If you want to visit “the real” Santa Claus outside of the holiday season, there’s one destination travel guides will send you—Rovaniemi, a town near the Arctic Circle, in the Finnish province of Lapland.
How Santa Claus’ home got established in the Arctic in the first place is a bit puzzling. After all, St. Nicholas, the Third Century saint who was the inspiration for the bearded gift giver, lived in Turkey. But an illustration in that appeared in Harpers magazine in 1866 is widely credited with establishing his home as the “North Pole.”
When Markus Rautio, a Finnish radio broadcaster known as “Uncle Marcus,” reportedly declared on-air in 1927 that Santa’s workshop had been discovered in Lapland’s Korvatunturi, or “Ear Fell,” the notion of that Santa Claus lived in Finland became part of the public consciousness, at least in Finland. After all, there is nothing for reindeer to graze on in the North Pole, but they roam free in Lapland, as the Finnish like to say.
But establishing the provincial capital of Rovaniemi, rather than remote Korvatunturi near the Russian border, as Santa’s “official home town” was much more of a calculated business decision, albeit one that took decades.
Rovaniemi and the surrounding area was the scene of fierce battles during WWII, was bombed by the Russians, captured by the Nazis and then devastated by retreating German troops whose scorched-earth tactics destroyed most of the city. With funding from the United Nations Relief and Rehabilitation Administration, the town was rebuilt by Finnish architect Alvar Aalto, based on a plan that resembled the side of a reindeer’s head, complete with antlers.
Tourism proved the key to Finland’s economic reconstruction. As soon as 1957, The New York Times’s Travel section was writing about trips to “Europe’s northern wilderness” during the summer solstice, when the sun never sinks below the horizon. “To see the mid-summer championships in which lumberjacks shoot the rapids standing on a single piece of timber, the capital of Finnish Lapland, Rovaniemi, is the place,” the Times recommended.
But it wasn’t until the Finish tourism board, under pressure to boost visitors, decided in 1984 to market Lapland, as scholar Michael Pretes reports in “The Santa Claus Industry,” (pdf, pg. 9) as the official home of Santa Claus, that Finland truly embraced the legend. In December, Asko Oinas governor of Lapland, declared the province “Santa Claus Land” and the Santa Claus Village was opened just miles outside of Rovaniemi in 1985, complete with a post office that would frank mail with a special “Arctic Circle” postmark.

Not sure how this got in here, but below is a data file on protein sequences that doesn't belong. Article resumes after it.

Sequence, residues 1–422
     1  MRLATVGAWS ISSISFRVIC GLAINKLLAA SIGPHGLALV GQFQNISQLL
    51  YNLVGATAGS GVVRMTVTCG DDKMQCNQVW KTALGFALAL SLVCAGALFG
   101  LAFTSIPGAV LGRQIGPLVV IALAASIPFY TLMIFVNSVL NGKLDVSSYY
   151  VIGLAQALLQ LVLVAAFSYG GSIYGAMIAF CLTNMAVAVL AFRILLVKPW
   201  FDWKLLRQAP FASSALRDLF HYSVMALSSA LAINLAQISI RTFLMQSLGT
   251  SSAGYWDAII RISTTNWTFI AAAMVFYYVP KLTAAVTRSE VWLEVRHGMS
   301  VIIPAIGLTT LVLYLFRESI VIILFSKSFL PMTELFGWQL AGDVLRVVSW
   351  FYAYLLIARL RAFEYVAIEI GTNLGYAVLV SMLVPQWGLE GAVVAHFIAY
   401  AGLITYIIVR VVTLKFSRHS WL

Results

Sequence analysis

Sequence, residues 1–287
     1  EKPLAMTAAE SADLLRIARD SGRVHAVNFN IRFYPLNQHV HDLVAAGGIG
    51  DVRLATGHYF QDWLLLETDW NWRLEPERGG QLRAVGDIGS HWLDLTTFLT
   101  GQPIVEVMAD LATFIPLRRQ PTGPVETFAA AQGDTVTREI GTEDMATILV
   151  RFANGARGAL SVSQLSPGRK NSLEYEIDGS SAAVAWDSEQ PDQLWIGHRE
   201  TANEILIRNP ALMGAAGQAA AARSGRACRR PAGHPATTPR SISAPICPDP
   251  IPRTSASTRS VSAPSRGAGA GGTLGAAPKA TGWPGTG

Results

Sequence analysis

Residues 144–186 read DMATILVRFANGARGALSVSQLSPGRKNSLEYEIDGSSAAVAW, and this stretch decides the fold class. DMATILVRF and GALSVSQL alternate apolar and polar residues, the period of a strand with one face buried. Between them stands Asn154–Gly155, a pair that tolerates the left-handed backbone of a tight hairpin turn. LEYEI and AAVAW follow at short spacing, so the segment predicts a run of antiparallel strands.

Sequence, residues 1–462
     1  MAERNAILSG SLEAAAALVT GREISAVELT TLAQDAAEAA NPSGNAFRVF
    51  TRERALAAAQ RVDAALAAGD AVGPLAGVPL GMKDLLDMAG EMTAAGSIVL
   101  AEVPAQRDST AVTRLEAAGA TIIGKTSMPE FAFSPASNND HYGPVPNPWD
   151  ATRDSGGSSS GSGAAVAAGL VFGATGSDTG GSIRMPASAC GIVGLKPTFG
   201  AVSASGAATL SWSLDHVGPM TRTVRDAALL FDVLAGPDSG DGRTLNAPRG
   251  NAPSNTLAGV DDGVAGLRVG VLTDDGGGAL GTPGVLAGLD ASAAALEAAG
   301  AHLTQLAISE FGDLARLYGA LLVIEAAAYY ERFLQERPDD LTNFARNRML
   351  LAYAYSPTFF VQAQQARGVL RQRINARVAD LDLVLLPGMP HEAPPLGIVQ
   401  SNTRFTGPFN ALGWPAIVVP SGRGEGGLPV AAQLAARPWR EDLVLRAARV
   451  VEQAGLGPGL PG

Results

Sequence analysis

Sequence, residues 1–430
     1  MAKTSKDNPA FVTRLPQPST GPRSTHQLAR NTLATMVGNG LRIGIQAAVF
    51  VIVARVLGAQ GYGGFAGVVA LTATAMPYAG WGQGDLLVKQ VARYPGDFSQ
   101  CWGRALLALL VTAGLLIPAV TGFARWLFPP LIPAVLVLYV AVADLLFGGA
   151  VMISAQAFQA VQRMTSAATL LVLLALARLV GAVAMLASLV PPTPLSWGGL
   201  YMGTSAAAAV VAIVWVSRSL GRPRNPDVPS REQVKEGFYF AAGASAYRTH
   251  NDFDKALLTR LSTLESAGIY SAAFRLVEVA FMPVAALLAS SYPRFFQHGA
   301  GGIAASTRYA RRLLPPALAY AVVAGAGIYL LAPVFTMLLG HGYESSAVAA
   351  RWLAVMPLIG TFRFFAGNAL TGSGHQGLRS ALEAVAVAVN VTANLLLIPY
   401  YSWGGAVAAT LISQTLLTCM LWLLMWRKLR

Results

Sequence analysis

In 1989, 16 of the largest companies in Finland formed the “Santa Claus Land Association,” whose “sole function lay in marketing the Santa Claus idea,” as Pretes writes. The group sent Santas from Lapland to as far away as Beverly Hills to promote tourism.
Some of the area’s dark history still lingers—Santa Claus’ Official Airport is a former Luftwaffa airfield, and the woods near Santa’s office are dotted with the remains of Nazi support structures.
But much of the area has been completely Santa-fied. Postal employees dressed as elves receive about half a million pieces of mail a year addressed to Santa, and for €7.90, you can request a reply. They stamp millions more outgoing letters, sent by visitors who are keen to send mail with the Arctic Circle postmark.
Santa’s Village gets 500,000 visitors a year, including a growing number from China. (You can watch this all happening on Santa’s official webcam.)
Rival Scandinavian nations, particularly Denmark, have not been thrilled by Finland’s appropriation of the nordic Santa Claus. Maybe that explains why Denmark just claimed sole ownership of the North Pole.